Dating, Relationships, & Sex, Pop Culture, Race & Politics

On Mourning An Adult Entertainer

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The deaths of Hank Gathers and Reggie Lewis were probably the celebrity deaths that hit me the hardest. Part of this had to do with age. (I was 11 when Gathers passed and 14 when Lewis did.) But, even more than that, I felt connected to them. I didn’t know either of these men. But they were basketball players, like me. And they both died on what was supposed to be the safest, friendliest, and happiest place a basketball player can be: the basketball court. Both deaths saddened and scared the fuck out of me. (Sadly, my friend and former teammate Richard Jones died in a similar manner 10 years ago.)

I mourned them through memory. I (obviously) didn’t have the benefit of going to YouTube and watching old highlight clips, so instead of remembering them as they were in their last moments, I’d think of how they were on the court. And I’m sure many of the hundreds of thousands who also mourned their deaths did so in a similar manner.

This process wasn’t too dissimilar from how most of us mourn entertainers. Instead of thinking of them as dead, we tend to recall and reflect on the reasons why we were fans. We listen to their albums again, read their books again, watch their movies again, laugh at their stand-up routines again, read and watch all the features and interviews about them again; sometimes we’ll even scour the earth to possess all the things they produced that we don’t already possess. And sometimes, their deaths will make us consume even more of their work.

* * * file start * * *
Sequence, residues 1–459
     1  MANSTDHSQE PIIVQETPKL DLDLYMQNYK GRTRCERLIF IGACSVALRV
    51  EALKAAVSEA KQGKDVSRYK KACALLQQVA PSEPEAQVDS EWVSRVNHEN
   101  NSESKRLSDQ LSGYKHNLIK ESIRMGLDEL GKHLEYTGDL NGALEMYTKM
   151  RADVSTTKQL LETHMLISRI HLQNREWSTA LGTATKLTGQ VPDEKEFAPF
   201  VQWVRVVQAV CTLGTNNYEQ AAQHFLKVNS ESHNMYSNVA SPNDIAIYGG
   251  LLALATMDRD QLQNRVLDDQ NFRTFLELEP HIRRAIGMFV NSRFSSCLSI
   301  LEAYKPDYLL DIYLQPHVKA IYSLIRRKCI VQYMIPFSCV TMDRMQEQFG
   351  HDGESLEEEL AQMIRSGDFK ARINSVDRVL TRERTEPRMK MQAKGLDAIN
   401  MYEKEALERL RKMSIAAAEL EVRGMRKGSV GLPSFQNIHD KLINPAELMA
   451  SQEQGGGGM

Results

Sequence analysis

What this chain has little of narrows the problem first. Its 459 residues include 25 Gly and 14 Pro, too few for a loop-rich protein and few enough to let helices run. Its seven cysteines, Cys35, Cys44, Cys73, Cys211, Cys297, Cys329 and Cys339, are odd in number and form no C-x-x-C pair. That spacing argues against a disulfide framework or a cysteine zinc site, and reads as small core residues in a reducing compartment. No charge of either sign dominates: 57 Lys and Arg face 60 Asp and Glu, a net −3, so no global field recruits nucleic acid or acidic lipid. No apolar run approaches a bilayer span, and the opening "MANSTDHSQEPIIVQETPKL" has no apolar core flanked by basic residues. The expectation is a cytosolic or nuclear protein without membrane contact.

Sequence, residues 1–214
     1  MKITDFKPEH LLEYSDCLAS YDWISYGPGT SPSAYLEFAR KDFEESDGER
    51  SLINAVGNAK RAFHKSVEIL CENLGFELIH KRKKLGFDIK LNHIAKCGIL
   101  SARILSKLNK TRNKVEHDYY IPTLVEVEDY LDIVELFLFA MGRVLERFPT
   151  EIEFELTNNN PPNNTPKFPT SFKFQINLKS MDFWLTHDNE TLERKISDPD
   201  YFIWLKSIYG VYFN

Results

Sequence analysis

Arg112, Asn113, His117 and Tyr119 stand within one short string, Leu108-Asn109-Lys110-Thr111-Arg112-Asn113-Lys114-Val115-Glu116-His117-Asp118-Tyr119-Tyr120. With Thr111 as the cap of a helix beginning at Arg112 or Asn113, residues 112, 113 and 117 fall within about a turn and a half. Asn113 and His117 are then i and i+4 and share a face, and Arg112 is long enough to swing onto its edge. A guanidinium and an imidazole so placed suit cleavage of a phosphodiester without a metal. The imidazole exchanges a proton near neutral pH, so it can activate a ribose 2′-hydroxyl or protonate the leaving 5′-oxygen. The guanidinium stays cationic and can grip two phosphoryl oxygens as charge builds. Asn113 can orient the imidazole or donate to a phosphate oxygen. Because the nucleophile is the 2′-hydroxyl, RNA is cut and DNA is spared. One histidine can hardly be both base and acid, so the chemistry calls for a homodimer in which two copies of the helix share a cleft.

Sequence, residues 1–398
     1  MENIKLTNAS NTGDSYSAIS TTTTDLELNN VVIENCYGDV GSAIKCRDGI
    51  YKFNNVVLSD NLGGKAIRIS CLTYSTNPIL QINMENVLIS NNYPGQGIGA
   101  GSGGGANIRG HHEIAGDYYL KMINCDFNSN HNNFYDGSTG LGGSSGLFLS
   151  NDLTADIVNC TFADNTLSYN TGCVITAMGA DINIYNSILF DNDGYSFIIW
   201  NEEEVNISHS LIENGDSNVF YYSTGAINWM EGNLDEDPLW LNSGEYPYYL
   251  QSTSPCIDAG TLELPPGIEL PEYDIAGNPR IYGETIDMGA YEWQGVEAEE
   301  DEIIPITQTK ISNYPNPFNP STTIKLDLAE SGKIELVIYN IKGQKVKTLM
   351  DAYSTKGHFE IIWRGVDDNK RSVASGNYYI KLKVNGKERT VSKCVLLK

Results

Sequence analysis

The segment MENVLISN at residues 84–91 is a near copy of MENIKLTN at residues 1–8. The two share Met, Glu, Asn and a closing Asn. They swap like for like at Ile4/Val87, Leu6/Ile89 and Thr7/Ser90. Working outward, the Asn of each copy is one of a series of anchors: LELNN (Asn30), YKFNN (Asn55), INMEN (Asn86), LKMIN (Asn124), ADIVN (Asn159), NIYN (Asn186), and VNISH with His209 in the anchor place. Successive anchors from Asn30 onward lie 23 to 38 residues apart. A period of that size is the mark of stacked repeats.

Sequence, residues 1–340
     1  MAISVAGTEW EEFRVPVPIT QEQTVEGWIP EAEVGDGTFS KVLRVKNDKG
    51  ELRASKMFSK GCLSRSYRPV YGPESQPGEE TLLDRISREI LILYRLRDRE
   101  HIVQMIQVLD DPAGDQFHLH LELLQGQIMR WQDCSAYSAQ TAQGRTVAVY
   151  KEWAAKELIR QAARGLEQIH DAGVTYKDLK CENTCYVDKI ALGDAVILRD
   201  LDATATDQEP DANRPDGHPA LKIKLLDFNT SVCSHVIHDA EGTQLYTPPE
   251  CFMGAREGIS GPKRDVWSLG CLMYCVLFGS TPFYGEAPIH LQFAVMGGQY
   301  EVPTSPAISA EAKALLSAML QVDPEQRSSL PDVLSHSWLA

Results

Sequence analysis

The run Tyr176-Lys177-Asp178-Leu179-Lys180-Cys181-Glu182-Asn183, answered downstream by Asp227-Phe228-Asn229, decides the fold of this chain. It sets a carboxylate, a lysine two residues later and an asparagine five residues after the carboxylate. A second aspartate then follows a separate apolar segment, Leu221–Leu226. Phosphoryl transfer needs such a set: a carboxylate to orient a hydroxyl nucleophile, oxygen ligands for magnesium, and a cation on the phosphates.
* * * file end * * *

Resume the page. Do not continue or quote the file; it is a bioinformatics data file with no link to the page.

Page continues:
We do this for two reasons: One, because it helps us feel better. We want to remember and embrace why we were fans because it makes us smile. The smiles are bittersweet, but they help. Also, this consumption is how we, as fans, honor their memories. We didn’t know them personally, so we can’t reflect on personal memories. Shit, in most instances we don’t even know what type of person they were. But we do know how their work resonated, and a posthumous recognition of their work is our way of eulogizing them.

With one exception.

Angela Rabotte was a 26-year-old mother who was found murdered last week. She disappeared two Fridays ago, and her body was found Thursday. She had been shot.

This by itself is a tragic story. Rabotte was a mother, a daughter, a friend, and much more. A person people loved and will miss.

But, as tragic as Rabotte’s death was, I’m writing about her today because of her (former) occupation.

Those familiar with the thousands of WorldStar/YouTube/Vimeo, etc twerking and/or stripping videos out there might recognize Rabotte as “Sexy Climax”, a popular Atlanta stripper. I’m not sure which club(s) she worked at, but I do know she was popular enough to be featured in a few WorldStar videos.

Perhaps you never heard of Climax. But you might be familiar with the Twerk Team, Cubana Lust, Lanipop, and the dozens more strippers, twerkers, video vixens, and porn stars who’ve been able to use the internet to garner some national name recognition.

Regardless of what you think of their particular type of entertainment, you can’t deny that they’re entertainers. They work to create and cultivate a sexual fantasy, and the people who consume their form of entertainment might spend as much time watching their videos as they do watching their favorite actors or listening to their favorite rappers.